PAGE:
The decedent, prior to her death, also had established a trust which was administered in England. A proceeding was filed in Her Majesty's High Court of Justice, Chancery Division, London, England, following decedent's death for the judicial settlement of the account of the trustees of this trust. Here, there was entered on April 16, 1948 a judgment that Cyril Brooke did not survive his mother, Mary Viva Brooke.
With these facts undisputed, the Court took under advisement the motion made by both plaintiff and defendant for summary judgment. It appeared that a factual issue was presented as to whether the son, Cyril, had predeceased his mother, the decedent herein. With the purpose of disposing of this issue without formal trial, the Court availed itself of the procedure outlined in Rule 56(d) and interrogated counsel. As a result, and with the cooperation of counsel, a formal trial was waived and not made necessary as to this factual issue.
It was stipulated that the plaintiff bank might submit to the Court as evidence herein the four depositions of witnesses which were received in evidence by the Supreme Court of the State of New York in the proceeding instituted in that Court by the plaintiff bank; and, as to these witnesses, it was further stipulated that if they were called on the trial of this suit they would testify that they had heard nothing from Cyril Brooke since the date of the depositions. There was reserved, however, to the Government the right to object to these depositions and this testimony, solely upon the ground that it was immaterial and irrelevant; that there is no presumption of death applicable in this suit; that the evidence is insufficient in law and fact to raise any such presumption; and that the depositions and testimony have no probative value to establish the death of Cyril Brooke. The statement was made by Government counsel upon interrogation by the Court that it had no direct evidence and could offer none at a trial to show that Cyril Brooke had been heard from since the last date testified to in these depositions.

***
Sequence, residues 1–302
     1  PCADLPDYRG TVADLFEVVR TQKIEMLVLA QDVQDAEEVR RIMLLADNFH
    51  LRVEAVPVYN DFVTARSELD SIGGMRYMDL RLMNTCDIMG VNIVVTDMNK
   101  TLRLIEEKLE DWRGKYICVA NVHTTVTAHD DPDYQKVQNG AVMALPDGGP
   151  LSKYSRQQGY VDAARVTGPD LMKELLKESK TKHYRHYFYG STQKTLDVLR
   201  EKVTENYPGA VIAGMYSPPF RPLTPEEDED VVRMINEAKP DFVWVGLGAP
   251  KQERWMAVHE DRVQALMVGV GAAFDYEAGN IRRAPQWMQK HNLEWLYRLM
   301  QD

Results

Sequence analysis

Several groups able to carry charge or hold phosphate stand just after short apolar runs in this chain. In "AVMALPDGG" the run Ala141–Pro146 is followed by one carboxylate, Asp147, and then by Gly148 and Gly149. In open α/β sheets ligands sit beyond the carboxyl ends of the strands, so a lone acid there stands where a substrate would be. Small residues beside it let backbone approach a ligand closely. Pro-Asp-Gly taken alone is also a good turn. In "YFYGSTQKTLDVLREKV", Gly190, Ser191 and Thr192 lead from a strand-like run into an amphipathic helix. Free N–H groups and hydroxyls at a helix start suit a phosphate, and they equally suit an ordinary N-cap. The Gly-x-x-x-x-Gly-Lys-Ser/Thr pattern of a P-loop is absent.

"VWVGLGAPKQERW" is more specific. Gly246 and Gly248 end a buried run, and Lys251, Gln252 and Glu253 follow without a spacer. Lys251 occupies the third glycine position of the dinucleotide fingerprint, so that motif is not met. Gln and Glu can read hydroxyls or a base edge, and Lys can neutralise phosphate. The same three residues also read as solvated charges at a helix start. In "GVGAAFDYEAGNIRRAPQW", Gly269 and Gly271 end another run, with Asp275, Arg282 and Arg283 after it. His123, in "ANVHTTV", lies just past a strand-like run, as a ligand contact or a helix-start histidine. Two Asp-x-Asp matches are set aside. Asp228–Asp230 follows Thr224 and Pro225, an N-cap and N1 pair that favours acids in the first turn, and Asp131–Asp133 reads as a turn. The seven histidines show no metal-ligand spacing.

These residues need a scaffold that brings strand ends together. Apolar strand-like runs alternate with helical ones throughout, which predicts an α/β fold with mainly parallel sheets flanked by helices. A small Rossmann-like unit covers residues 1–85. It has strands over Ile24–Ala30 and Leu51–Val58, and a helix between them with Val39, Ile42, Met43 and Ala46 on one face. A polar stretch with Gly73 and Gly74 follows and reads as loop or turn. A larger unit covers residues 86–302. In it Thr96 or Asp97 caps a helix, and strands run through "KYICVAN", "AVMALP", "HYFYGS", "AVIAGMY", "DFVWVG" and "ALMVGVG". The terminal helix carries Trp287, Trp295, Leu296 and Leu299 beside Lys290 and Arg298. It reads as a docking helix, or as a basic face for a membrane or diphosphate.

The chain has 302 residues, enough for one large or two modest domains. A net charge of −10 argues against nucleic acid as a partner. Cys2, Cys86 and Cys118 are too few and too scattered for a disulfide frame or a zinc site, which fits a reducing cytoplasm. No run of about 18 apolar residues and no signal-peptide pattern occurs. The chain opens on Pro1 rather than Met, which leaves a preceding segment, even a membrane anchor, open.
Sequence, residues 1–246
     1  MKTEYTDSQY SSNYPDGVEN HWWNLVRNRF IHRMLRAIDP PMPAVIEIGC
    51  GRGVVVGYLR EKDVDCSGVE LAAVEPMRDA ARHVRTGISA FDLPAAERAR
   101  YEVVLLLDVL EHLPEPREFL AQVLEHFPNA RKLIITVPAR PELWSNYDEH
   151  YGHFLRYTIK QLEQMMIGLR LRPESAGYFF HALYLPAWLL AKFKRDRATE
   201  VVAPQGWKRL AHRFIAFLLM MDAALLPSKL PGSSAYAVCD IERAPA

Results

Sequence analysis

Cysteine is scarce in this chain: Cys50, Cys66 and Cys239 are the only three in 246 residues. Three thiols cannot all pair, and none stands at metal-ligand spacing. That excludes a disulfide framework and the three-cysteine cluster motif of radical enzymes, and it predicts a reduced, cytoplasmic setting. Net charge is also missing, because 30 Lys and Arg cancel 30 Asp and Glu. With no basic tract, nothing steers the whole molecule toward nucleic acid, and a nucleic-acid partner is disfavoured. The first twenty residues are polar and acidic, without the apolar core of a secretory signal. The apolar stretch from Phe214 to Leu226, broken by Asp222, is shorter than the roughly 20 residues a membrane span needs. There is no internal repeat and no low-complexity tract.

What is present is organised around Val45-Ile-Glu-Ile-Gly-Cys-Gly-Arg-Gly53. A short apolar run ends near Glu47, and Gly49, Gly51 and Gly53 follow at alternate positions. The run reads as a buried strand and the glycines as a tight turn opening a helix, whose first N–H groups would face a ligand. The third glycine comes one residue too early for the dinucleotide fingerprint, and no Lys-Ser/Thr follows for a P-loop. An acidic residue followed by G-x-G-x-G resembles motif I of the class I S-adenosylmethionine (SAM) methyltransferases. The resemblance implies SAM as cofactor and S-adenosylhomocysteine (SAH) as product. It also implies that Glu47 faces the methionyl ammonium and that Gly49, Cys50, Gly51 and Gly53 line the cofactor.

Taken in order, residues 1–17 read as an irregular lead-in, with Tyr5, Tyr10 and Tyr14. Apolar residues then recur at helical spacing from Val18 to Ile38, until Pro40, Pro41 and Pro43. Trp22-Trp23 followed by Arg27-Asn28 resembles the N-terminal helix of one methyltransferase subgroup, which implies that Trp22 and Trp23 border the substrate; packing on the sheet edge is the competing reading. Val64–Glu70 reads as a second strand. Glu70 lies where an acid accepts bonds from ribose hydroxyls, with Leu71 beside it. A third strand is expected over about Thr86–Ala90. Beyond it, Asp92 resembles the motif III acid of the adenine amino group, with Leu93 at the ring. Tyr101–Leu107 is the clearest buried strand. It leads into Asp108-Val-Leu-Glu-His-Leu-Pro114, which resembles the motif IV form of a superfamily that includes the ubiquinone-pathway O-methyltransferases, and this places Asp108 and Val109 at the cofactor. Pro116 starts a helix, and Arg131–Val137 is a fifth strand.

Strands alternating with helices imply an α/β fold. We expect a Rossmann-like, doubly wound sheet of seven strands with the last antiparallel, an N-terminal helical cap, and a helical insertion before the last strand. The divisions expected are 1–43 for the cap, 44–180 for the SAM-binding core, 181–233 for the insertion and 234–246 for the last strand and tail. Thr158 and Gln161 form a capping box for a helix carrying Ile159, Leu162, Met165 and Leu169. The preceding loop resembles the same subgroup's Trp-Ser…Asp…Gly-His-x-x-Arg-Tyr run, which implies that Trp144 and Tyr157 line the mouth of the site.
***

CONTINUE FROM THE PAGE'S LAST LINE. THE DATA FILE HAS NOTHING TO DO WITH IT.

It appears then that the one factual issue present is whether Cyril Brooke was living at the date of his mother's death on December 5, 1944, and that as to this issue all the available evidence has been received by stipulation.
The four depositions received in evidence on these motions are of Victor Butler Brooke, Henry Thomas Wallace Bidwell, Francis Alexander Johnston and William Ernest Crabtree White.
Victor Butler Brooke whose deposition was taken on May 21st, 1947, testified that:
He was then 27 years of age; that he resided in Gloucester, England; that he was the son of Mary Viva Brooke; that there were two children, the issue of his parents, an elder brother Cyril and himself; that his father had been dead 22 or 23 years; that there were no other children; that his mother had died testate on December 5th, 1944 at Oxford; that 'I can't remember when and where I last saw my brother when and Brooke. I think it may have been when I was about 15 years of age, but I am by no means certain'; that he did not know where his brother then resided; that he could not remember when he last heard from his brother; that his mother had told him that Cyril was about 8 years older than he; that to his knowledge Cyril was not married; that he did not know what his brother's business was; that he had been told that 'after leaving Oxford he was going into the church, i.e. going for Holy Orders in the Church of England, but he abandoned that'; that he had not heard from his brother Cyril since his ...